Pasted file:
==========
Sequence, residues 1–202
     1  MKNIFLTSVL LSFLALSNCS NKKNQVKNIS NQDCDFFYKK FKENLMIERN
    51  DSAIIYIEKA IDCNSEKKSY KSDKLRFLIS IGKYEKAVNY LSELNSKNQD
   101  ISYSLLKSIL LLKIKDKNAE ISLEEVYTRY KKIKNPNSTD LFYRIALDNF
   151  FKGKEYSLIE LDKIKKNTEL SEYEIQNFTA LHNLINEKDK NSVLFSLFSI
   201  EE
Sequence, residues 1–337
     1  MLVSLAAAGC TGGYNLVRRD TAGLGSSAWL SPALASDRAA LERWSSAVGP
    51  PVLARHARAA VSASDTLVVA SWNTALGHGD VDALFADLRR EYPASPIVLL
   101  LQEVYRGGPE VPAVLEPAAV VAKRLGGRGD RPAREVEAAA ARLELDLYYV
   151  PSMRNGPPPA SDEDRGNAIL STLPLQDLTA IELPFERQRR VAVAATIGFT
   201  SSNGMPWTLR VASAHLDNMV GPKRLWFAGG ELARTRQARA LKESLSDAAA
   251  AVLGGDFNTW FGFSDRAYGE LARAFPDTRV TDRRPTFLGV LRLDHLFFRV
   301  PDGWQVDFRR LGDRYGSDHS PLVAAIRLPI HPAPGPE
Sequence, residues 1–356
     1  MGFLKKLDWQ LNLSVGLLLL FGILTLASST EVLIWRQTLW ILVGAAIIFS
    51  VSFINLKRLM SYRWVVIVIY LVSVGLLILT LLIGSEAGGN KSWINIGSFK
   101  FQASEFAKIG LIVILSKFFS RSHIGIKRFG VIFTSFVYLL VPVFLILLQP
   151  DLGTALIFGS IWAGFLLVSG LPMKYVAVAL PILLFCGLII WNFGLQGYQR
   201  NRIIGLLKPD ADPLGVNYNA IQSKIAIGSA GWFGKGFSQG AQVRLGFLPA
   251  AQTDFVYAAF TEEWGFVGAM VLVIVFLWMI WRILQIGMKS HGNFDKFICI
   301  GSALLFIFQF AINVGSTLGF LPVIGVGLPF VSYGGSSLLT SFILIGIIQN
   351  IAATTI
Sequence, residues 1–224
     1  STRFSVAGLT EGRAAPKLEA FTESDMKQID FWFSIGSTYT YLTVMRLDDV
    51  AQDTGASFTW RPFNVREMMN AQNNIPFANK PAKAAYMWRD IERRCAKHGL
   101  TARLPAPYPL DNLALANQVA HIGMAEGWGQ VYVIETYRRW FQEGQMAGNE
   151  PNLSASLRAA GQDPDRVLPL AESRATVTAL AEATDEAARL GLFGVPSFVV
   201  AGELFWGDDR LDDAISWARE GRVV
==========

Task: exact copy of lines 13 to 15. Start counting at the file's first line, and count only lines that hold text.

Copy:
   251  AVLGGDFNTW FGFSDRAYGE LARAFPDTRV TDRRPTFLGV LRLDHLFFRV
   301  PDGWQVDFRR LGDRYGSDHS PLVAAIRLPI HPAPGPE
Sequence, residues 1–356